Does that mean doing everything our parents and in-laws want? No. It means showing them love and respect. Speaking with kindness and grace. Treating them the way we’d like to be treated—even as we honor and protect our own marriages. As Robbie and I have looked at couples who’ve done the “leaving and cleaving” thing well, even amid challenging family dynamics, we’ve identified a handful of strategies that can help.
First, don’t make decisions without your spouse’s input.
Parents and in-laws may have all sorts of plans or advice they want you to follow—input about everything from how you spend holidays to how you handle your finances to how you parent their grandchildren—but at the end of the day, unity with your spouse should always trump parent-pleasing. Listen to your in-laws, thank them for their opinion, and then do what you and your spouse believe to be best.
Second, find out what says “I love you” to your folks and do that.
Much has been made about “love languages” in marriage—affirming words, quality time, material gifts, acts of service, and physical touch—but these things apply to our parent and in-law relationships too.
Is your mother-in-law big on celebrating birthdays? Plan ahead to honor her with a special gathering or, if gifts make her feel loved, think about what she might like to receive. Is your father-in-law an NFL fan? Brush up on his favorite team and call him to talk about how they’re doing—or, if you live nearby, watch a game together. Send your folks a handwritten note for no reason other than to express appreciation. These little acts of kindness don’t take a lot of time, but they demonstrate love and respect and help create a climate in which trust—and healthy communication—can flourish.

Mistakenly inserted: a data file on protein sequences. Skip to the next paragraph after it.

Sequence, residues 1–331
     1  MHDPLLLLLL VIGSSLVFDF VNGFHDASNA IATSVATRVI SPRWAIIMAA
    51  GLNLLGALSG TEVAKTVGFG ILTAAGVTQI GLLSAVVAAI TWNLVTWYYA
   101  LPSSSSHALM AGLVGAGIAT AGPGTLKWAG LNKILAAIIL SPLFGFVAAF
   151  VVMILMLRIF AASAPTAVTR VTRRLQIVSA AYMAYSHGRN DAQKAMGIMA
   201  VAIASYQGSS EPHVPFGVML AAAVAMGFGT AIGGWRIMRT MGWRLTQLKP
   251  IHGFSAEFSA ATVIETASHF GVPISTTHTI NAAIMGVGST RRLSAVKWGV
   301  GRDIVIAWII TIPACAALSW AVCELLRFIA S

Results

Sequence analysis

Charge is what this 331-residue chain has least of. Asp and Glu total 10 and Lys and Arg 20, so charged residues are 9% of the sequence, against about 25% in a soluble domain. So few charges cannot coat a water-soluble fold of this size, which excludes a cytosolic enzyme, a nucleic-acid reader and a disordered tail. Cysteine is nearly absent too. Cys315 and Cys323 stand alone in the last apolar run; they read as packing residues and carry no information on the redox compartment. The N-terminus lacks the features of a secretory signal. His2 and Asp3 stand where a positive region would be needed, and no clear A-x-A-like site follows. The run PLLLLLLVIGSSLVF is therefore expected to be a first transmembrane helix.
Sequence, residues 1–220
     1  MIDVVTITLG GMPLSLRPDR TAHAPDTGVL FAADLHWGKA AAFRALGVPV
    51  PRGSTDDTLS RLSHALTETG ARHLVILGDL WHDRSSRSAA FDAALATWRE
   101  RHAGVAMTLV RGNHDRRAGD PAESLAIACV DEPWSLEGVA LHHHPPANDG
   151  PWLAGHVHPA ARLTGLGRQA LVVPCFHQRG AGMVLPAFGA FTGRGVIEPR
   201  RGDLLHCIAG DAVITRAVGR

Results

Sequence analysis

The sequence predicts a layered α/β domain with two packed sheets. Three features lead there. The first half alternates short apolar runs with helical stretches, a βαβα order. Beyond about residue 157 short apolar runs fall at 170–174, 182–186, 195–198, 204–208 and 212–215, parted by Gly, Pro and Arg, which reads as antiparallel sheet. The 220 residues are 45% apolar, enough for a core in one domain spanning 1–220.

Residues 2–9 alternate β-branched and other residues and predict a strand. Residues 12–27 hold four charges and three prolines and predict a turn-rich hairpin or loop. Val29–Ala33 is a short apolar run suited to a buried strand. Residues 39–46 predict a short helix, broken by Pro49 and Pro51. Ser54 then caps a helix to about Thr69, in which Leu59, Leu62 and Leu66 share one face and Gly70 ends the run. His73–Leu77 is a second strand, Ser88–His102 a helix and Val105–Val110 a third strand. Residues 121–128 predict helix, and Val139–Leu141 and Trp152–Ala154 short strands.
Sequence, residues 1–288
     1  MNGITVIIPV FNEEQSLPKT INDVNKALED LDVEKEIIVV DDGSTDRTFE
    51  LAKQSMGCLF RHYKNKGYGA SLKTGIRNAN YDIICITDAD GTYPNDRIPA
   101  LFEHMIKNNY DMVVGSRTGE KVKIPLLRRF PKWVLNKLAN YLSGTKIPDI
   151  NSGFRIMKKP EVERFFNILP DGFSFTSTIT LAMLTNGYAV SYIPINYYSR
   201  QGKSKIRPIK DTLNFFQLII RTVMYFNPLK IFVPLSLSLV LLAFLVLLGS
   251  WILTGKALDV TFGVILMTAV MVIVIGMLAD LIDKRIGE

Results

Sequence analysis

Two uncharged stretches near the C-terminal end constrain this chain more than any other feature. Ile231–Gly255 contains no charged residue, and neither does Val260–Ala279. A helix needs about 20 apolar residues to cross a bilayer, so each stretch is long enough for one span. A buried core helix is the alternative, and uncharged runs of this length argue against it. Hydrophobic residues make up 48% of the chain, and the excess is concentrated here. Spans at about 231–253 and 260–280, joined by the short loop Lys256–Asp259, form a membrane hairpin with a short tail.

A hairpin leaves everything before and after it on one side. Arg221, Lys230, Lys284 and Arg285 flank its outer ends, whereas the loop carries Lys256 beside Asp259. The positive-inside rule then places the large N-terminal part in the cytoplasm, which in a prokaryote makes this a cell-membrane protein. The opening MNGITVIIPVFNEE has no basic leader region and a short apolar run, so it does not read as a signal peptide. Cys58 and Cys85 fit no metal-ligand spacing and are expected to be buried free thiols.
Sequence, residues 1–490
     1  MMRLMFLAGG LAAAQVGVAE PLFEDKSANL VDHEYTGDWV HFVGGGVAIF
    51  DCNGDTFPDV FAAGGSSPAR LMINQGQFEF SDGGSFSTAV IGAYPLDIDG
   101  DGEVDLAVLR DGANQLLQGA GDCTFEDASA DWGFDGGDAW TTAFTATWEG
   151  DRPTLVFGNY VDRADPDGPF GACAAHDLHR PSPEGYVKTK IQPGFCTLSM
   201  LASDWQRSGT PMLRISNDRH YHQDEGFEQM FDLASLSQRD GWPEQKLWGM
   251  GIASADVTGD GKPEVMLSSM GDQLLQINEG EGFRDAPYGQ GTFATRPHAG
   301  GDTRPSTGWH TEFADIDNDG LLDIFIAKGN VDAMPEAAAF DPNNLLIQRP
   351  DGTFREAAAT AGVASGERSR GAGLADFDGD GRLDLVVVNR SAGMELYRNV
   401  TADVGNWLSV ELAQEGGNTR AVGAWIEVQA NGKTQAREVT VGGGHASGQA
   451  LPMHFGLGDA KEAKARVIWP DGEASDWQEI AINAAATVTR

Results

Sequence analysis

And finally, trust God to work in and through your marriage.
Every marriage is different, but we have this in common: We’re all imperfect people who come from imperfect families. We need the presence of a perfect God to work in our midst, knitting together our mismatched histories, equipping us to honor our parents and in-laws, and showing us how to establish healthy family dynamics for generations to come.
God glued you together in marriage. Whatever your background and whatever in-law pressures you may find yourself facing, you can link arms with the Lord—knowing that he holds your relationship in his hands—and press forward together.
“He’s like you Dad! Except he’s brilliant!”
Again, leaving and cleaving is tricky, even in the most picture-perfect families—families where (to quote Annie Banks), “He’s like you Dad! Except he’s brilliant!”
Whether you’re just starting out, you’ve been married for years, or you’re a mom (or a dad!) who’s getting ready to let go of your child, a few prayers from the new book can help:
(For parents of the bride and/or groom): Help us release our children so that they can hold fast to each other, becoming one flesh in every way. (Genesis 2:24)
(For the bride and/or groom): Show us how to honor our parents and in-laws so that it may go well with us and we may enjoy a long life on earth. (Ephesians 6:2-3)
(For any marriage): As we consider our different upbringings, help us reject what is wrong, hold tightly to what is good, and delight in honoring one another. (Romans 12:9-10)
P.S. Don’t forget that when you preorder Praying the Scriptures for Your Marriage, you can get immediate access to a set of 20 different Conversation Cards that feature topics like getting started, protecting your marriage, and leaving and cleaving. Visit JodieBerndt.com for details.